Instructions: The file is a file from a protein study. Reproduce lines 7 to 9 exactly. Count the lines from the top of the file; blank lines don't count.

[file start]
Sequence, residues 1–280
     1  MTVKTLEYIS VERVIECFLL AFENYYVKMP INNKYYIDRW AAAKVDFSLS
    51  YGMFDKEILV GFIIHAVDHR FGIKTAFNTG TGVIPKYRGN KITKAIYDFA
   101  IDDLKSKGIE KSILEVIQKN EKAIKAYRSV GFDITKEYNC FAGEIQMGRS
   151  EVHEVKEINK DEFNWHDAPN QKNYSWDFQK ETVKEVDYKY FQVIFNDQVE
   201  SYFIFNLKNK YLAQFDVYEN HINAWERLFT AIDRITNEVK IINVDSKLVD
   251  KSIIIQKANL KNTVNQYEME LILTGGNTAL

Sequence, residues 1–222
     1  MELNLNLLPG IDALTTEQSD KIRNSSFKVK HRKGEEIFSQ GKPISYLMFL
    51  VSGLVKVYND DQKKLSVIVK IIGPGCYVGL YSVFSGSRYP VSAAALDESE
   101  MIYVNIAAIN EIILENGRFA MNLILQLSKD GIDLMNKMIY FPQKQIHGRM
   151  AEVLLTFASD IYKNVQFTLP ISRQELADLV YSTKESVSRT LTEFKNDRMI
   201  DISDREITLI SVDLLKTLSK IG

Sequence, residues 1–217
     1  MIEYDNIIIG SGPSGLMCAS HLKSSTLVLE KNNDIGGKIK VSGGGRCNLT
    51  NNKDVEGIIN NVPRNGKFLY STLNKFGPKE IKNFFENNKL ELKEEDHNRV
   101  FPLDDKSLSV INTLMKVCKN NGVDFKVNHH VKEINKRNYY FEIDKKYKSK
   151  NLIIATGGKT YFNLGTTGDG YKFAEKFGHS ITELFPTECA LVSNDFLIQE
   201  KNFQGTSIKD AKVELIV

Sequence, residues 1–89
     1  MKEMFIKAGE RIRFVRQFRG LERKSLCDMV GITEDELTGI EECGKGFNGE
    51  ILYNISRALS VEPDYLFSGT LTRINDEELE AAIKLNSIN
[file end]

   251  KSIIIQKANL KNTVNQYEME LILTGGNTAL

Sequence, residues 1–222
     1  MELNLNLLPG IDALTTEQSD KIRNSSFKVK HRKGEEIFSQ GKPISYLMFL